Having a 4 legged trail buddy will enhance the experience in a unique way. It will help you and your dog get out of the urban life stress while enjoying some time together in nature.
Hiking with your dog has numerous health and mental benefits and provides opportunities to train in new and different locations.
Luckily, DC area has numerous close by parks and trails. Here is our favorite ones:
1.Shenandoah National Park
Only two hours away from DC, the Appalachian Mountains as you’ve never seen them before. Cascading waterfalls, big mountain stretches and beautiful scenery all around this huge state park.
There are many easy trails and a few long hikes to pick from. All trails are dog friendly except for the following:
- Fox Hollow Trail (mile 4.6)
- Stony Man Trail (mile 41.7) except for portion that follows the Appalachian Trail
- Limberlost Trail (mile 43)
- Post Office Junction to Old Rag Shelter
- Old Rag Ridge Trail
- Old Rag Saddle Trail
- Dark Hollow Falls Trail (mile 50.7)
- Story of the Forest Trail (mile 51)
- Bearfence Mountain Trail (mile 56.4)
- Frazier Discovery Trail (mile 79.5)
Shenandoah hiking is accessible and has a lot of options for everybody. I do not recommend going from January to March, since the snow is too deep and you can get easily injured. October is my favorite month to visit, the weather is favorable and you can enjoy fall foliage.
Dogs are required to be on a leash at any time. Watch out for park staff notifying you about bears and cubs in your area. The mom can get overprotective and charge at your dog if you are not very careful. Do not approach bears or other animals.
If your pup enjoys swimming, take him to run Falls Trail, Rose River Falls Trail, Dark Hollow Falls Trail and Lewis Falls Trail.
2. Catoctin Mountain Park and Cunningham Falls State Park
These amazing parks are located right next to each other. Northern Maryland, 60 minutes from Washington DC or Baltimore.
Cunningham Falls is home to the largest cascading waterfall in the state of Maryland. Catoctin Mountain Park rises 1885 feet. This mountain range provides a sanctuary for wildlife.
There are plenty of hikes to choose from. Catoctin, there are trails that can fit any skill level.
Your pup can go on any of the hikes. Remember to start slow, if you are both new at hiking do a 2-3 km trail and start building up slowly. There’s a camping area too if you want to spend the night.
3.Rock Creek Park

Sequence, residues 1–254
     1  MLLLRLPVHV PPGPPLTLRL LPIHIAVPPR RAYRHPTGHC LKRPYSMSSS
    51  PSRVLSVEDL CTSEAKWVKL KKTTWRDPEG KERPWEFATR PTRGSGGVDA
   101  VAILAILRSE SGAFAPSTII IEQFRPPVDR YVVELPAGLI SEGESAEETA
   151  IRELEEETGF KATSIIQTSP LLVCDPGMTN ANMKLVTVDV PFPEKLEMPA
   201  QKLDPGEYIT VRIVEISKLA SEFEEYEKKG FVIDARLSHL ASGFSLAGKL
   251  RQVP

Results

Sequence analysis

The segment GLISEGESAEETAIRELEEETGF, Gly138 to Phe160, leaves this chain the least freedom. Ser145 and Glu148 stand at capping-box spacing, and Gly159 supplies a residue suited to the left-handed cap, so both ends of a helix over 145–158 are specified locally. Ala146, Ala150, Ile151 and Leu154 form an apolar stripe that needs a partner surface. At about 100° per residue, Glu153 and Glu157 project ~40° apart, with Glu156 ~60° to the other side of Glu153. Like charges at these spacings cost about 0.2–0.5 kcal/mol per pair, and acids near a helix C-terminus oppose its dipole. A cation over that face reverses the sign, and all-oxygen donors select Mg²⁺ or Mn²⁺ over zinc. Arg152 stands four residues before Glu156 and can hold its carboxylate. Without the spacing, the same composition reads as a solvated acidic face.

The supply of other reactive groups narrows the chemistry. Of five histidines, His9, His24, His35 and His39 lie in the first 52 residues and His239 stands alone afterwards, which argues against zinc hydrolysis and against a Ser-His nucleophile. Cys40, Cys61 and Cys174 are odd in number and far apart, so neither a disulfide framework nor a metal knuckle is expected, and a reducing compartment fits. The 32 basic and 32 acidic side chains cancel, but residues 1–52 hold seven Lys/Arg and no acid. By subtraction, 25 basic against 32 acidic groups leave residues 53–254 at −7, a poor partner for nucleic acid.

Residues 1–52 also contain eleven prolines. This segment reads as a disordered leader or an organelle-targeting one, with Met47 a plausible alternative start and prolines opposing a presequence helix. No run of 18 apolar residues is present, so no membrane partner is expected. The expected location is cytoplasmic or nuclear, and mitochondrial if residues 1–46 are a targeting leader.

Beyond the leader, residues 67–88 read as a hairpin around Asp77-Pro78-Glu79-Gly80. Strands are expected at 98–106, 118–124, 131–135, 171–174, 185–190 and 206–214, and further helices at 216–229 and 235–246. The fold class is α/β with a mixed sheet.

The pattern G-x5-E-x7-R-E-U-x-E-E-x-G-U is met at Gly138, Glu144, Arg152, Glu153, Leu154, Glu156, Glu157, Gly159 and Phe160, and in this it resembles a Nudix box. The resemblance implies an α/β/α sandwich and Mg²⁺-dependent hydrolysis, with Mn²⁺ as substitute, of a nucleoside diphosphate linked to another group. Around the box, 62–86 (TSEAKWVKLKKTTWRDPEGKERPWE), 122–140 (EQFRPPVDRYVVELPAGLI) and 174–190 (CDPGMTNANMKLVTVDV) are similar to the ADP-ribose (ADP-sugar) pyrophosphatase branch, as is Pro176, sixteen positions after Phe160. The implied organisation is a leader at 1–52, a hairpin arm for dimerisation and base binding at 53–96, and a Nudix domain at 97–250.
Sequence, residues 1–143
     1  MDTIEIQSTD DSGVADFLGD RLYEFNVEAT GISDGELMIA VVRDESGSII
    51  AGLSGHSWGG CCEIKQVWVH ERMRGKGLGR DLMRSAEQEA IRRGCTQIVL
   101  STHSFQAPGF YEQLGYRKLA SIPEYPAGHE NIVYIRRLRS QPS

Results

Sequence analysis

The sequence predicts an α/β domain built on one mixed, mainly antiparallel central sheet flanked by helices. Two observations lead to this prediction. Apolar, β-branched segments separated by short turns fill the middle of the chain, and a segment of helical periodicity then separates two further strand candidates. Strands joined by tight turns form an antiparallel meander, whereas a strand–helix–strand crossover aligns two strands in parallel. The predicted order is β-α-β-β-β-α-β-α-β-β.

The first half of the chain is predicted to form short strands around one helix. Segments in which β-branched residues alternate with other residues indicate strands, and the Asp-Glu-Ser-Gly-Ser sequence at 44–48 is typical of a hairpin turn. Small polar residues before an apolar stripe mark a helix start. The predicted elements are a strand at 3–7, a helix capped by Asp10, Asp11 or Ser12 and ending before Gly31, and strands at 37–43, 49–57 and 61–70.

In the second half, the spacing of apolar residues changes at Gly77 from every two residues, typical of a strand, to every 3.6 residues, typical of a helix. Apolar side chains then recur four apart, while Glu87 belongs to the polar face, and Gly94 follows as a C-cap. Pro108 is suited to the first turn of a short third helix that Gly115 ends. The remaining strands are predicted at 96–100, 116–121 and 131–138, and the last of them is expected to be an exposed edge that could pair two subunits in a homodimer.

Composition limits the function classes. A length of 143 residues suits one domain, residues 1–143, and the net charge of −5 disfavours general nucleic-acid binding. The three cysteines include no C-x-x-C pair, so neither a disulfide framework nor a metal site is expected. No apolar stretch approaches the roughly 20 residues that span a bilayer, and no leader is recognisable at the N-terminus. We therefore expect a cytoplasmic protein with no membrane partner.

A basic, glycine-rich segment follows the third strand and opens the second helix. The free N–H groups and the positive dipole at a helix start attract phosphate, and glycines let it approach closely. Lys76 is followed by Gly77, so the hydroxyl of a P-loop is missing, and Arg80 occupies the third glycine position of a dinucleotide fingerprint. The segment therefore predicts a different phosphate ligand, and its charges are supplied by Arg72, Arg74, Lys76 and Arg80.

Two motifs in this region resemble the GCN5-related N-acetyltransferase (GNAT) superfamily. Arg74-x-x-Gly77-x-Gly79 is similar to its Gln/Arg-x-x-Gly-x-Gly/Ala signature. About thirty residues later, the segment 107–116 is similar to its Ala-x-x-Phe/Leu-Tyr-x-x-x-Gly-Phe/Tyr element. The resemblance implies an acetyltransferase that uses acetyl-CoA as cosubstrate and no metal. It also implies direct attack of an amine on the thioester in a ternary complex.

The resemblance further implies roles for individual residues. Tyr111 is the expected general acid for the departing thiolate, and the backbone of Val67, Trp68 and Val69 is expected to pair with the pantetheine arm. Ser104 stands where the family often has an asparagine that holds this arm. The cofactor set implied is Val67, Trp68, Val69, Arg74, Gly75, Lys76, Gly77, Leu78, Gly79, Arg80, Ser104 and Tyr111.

Called the lungs of the city, Rock Creek Park was created by an Act of Congress in 1890. Now it is one of Washington DC’s city retreats.
The park stretches around 2,000 acres and provides an escape from urban life. Hiking is easy. It offers other activities like biking, horse riding, tennis and golf.
The paved Rock Creek Park Trail hooks up at Beach Drive and meanders southward to the Tidal Basin and the Jefferson Memorial passing the Kennedy Center. It’s a great opportunity to appreciate the cherry blossoms at springtime or watch the fall foliage next to the beautiful historic buildings DC has to offer. Your dog will love it as much as you do!
4. Great Falls
These amazing rock formations are located in McLean, Virginia. This park offers breathtaking views. It is home to one of the nation’s first canals, as well as hiking trails along Mather Gorge’s dramatic cliff tops.
There are plenty of hikes to choose from. All trails are pet friendly. Dogs must be on a 6 foot leash at all times. Swimming’s prohibited in some areas. If you want to take your dog to swim you can go to Chesapeake and Ohio Canal National Historical Park.
My favorite hikes in Great Falls are: Great falls Overlook Trail (easy) and Billy Goat Trail (moderate).
5. The National Arboretum
Located inside of Washington D.C, This gorgeous, 446-acre property makes for an inspiring and visually captivating visit and is a center for nature research and preservation.
One of the most Instagrammed spots at the National Arboretum is the Capitol Columns, an arrangement of 22 of the original Corinthian sandstone columns taken from the Capitol building while it was under construction in 1958.
Dogs are allowed everywhere. You can hike the east or west sides of the property. Hiking is easy and very relaxing since it doesn’t have any hills. The National Arboretum is home for numerous flowers and plants, which makes it a peaceful place to connect with nature while walking with your best friend.